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Recently I had to switch between VirtualBox and Hyper-V and unfortunately these two don’t get along well 😉. So I started googling for a solution and this one was the one that got my attention.

This solution uses a tool called bcdedit on windows. The way it works is by duplicating your windows profile and set hypervisorlaunchtype mode off in one of them. This way you don’t have to uninstall Hyper-V and restart to be able to start a VirtualBox virtual machine. So in this article I will show you how it is done.

First let’s start by taking a backup just in case we mess it up.

bcdedit /export filepath\filename

Note: if you don’t specify a path it will be saved wherever you are running the script (in case you are looking for it afterwards and you don’t remember where it was like me).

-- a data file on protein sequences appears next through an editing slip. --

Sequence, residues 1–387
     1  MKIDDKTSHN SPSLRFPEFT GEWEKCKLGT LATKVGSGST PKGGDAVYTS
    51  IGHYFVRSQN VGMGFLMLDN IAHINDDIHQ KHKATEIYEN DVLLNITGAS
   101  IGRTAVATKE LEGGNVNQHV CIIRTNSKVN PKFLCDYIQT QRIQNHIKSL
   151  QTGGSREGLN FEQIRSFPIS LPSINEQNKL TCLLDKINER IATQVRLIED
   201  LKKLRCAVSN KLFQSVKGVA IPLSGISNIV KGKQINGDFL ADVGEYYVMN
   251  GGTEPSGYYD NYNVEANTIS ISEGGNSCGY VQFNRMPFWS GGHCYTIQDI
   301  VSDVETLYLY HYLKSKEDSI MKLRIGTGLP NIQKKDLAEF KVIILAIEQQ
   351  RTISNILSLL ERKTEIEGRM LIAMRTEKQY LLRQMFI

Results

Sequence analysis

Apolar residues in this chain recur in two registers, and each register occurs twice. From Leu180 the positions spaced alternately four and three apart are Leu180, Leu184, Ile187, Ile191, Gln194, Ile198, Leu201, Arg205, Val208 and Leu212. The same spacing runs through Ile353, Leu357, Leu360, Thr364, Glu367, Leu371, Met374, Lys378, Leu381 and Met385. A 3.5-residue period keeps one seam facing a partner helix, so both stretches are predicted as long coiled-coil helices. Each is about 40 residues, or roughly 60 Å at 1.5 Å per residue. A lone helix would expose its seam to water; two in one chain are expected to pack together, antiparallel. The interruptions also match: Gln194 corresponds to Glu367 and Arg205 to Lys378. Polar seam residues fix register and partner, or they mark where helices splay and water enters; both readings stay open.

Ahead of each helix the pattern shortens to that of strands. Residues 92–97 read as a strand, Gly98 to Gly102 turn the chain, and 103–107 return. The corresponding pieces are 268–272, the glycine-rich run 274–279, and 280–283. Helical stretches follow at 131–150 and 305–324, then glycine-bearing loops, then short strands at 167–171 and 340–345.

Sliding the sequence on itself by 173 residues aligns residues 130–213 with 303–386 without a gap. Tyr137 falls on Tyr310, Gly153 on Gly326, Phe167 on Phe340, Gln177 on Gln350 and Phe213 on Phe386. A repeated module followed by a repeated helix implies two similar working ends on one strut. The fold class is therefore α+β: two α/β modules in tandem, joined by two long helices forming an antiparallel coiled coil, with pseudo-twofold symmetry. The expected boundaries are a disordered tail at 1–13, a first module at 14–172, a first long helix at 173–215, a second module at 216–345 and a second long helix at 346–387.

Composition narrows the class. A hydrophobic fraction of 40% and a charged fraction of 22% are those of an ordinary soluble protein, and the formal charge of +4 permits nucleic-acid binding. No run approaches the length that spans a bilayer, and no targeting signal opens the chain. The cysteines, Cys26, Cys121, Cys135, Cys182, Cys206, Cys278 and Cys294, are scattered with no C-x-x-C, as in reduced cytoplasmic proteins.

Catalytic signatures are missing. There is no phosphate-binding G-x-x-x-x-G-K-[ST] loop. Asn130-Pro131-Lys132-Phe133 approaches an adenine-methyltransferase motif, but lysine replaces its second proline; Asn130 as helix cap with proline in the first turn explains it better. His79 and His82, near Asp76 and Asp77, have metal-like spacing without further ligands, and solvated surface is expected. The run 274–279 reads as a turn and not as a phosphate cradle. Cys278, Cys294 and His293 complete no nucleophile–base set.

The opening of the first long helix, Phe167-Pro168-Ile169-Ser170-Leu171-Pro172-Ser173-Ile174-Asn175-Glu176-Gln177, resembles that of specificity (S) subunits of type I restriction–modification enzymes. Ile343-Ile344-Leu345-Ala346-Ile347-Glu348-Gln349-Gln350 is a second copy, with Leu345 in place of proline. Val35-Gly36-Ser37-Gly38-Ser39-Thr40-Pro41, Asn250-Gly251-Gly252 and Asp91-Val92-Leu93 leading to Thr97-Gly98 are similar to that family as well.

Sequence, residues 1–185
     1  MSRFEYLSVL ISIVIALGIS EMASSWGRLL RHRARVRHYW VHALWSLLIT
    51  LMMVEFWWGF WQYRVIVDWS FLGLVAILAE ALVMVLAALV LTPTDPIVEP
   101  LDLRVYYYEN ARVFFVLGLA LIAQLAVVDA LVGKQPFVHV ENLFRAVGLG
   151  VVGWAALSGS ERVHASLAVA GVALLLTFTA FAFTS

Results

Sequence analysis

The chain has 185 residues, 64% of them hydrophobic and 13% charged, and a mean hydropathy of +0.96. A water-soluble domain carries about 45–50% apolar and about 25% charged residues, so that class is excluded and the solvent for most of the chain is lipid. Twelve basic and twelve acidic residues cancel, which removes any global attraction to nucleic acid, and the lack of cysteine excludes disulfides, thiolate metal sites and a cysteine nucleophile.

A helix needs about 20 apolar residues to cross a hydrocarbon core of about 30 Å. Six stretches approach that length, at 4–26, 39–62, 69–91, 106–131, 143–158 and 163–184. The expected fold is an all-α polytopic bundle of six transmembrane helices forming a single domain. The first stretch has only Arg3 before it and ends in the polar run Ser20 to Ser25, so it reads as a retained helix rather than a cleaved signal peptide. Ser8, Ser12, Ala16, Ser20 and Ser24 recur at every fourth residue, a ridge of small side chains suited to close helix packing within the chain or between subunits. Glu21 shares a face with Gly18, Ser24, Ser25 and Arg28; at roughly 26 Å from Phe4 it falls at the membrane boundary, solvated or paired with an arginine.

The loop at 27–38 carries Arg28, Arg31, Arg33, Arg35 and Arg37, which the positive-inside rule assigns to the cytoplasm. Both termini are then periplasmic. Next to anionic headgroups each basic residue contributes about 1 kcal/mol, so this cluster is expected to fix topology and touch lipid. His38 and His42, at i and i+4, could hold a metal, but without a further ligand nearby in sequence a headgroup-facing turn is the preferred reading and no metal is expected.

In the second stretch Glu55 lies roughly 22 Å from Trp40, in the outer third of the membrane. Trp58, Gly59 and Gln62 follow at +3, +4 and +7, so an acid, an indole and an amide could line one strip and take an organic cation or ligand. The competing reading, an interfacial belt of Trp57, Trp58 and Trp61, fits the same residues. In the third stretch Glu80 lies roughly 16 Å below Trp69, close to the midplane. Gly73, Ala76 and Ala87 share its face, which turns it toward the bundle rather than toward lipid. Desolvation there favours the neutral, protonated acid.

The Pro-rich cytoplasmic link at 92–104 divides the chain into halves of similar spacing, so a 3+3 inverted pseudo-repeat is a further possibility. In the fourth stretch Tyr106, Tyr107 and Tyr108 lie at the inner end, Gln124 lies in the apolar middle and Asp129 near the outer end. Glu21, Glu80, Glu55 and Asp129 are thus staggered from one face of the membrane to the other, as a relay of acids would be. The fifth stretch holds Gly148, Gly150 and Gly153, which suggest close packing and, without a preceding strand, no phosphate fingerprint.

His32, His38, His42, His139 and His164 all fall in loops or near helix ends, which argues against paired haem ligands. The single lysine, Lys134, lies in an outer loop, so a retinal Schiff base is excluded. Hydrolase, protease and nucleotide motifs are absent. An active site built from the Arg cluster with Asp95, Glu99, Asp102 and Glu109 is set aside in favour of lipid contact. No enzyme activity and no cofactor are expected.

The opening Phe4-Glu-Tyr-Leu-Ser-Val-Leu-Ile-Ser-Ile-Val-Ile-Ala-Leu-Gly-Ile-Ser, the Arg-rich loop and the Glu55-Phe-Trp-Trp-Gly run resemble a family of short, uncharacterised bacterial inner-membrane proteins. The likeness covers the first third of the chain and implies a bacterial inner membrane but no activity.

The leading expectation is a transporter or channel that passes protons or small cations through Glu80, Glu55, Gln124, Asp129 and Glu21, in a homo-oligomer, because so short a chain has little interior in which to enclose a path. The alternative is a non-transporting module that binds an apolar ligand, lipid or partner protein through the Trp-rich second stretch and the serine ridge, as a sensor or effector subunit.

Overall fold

Then we will create a copy of the current settings:

bcdedit /copy {current} /d "Windows 10 No Hyper-V"

This command will output a GUID which is the identifier of your newly created profile.

The entry was successfully copied to {271c695f-3ddb-11e8-877f-44850042c8be}.

You will need this identifier to change the settings. If for any reason you didn’t manage to copy this you can get it by running bcdedit /enum command.

Now we will set the hypervisorlaunchtype mode on this profile to off.

bcdedit /set {271c695f-3ddb-11e8-877f-44850042c8be} hypervisorlaunchtype off

And the output will be something like this:

The operation completed successfully.

Now if you hold the shift key when restarting your windows you will have the option to boot into a windows with Hyper-V off and VirtualBox runs with no issues.

Windows boot menu

You can take this even further by setting a default so you won’t have to switch too frequently:

bcdedit /default {271c695f-3ddb-11e8-877f-44850042c8be}

Hope this saves you some time so you can code instead of figuring this sort of stuff out.